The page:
- The Washington Times - Saturday, June 17, 2006

His long-standing legal problems behind him and having recently become a father, Sean Taylor could’ve been at ease yesterday in his first session with the media since he avoided up to 46 years in prison by pleading guilty to two misdemeanors on June 1.

Instead, the Washington Redskins’ standout free safety was his usual defensive self, no pun intended.

“I think it was best to put [the legal situation] away and let me focus on football … be here for these three days so you don’t have to ask me, ‘Why did you miss camp again?’ when I show up for training camp — butcher me,” Taylor said.

The 23-year-old Taylor had been excused from last year’s minicamp after being charged with assault and battery stemming from a June 1, 2005, incident in Miami.

“I would’ve been here last year for the offseason if I could’ve, but with some complications I really couldn’t,” said Taylor, who not only skipped the entire 2005 offseason prior to his arrest but wouldn’t even return coach Joe Gibbs’ phone calls. “Everybody’s entitled to their own opinion as far as the offseason goes. Some people believe in participating. Some people believe in resting. As long as you’re here from the end of July [when training camp starts] to whenever the season ends, that’s all your team really cares.”

Not exactly.

Assistant head coach-defense Gregg Williams demoted Taylor for the first week of training camp last year as punishment for blowing off the offseason and did so again yesterday, with veteran backup Pierson Prioleau joining new strong safety Adam Archuleta in the starting lineup.

“Sean’s behind because of a lot of the stuff he’s missed,” Gibbs said. “That’s tough for us and for him. We’ve talked about that. Hopefully from here on, the road smoothes out. Sean needs to be here. This is where he belongs — working out all the time. He understands that. He really likes football. He’s had a lot of personal issues.”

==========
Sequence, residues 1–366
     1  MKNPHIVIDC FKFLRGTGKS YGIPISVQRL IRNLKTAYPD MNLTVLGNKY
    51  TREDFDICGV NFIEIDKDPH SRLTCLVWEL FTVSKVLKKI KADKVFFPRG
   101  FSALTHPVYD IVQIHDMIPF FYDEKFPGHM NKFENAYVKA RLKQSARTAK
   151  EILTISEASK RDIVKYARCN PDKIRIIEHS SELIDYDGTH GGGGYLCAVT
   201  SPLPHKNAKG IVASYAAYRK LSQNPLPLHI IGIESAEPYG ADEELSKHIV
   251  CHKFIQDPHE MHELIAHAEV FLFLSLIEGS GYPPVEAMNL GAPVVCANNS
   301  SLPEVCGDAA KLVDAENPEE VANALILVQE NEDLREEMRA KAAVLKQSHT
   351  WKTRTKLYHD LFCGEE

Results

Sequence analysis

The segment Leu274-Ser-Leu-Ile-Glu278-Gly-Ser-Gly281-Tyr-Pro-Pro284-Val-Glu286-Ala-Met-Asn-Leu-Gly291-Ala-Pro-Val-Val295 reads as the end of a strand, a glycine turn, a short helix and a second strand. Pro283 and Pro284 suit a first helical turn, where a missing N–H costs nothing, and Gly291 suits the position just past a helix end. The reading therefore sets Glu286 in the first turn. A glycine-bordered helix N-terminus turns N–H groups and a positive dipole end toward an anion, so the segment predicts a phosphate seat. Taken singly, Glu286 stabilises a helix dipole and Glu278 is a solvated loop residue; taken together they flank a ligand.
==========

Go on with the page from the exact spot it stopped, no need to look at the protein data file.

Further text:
Those issues began soon after he was picked fifth in the 2004 draft — he was fined $25,000 for walking out of the NFL’s mandatory rookie symposium — and ran through last season, when he was fined $17,000 for spitting in the face of Tampa Bay’s Michael Pittman in the Jan. 7 playoff game. Taylor also still faces a possible suspension and/or fine in the wake of his legal issues.

“We have a big investment there in Sean,” Gibbs said. “He can be a dominating player. He’s been through a lot. He’s learned a lot. He realizes some things and the position he put himself in. I think he’s ready for a fresh start.”

Taylor will have a fresh start on the field with Archuleta replacing the more conservative Ryan Clark, who served as a sort of security blanket for Taylor the past two seasons.

Although the Redskins improved from 6-10 in his rookie year to 10-6 last season, Taylor’s numbers dipped from 76 tackles and four interceptions to 70 tackles and two interceptions. He did return fumbles for touchdowns in the regular season finale at Philadelphia that clinched the playoff berth and in the playoff triumph at Tampa.

“It’s just sharpening up your tools and trying to be a better player,” Taylor said. “I wasn’t the best player last year. I’m always looking for improvement. Unless I’m at the top of my level as far as a safety goes, like the Troy Polamalus and the Ed Reeds, I still have a way to travel. I’m still only getting two or three interceptions a year, so I would like to see my interceptions go up a little bit just to help the team win. Getting to the playoffs isn’t good enough for us. We would like to eventually win a Super Bowl. Sooner would be greater than later.”

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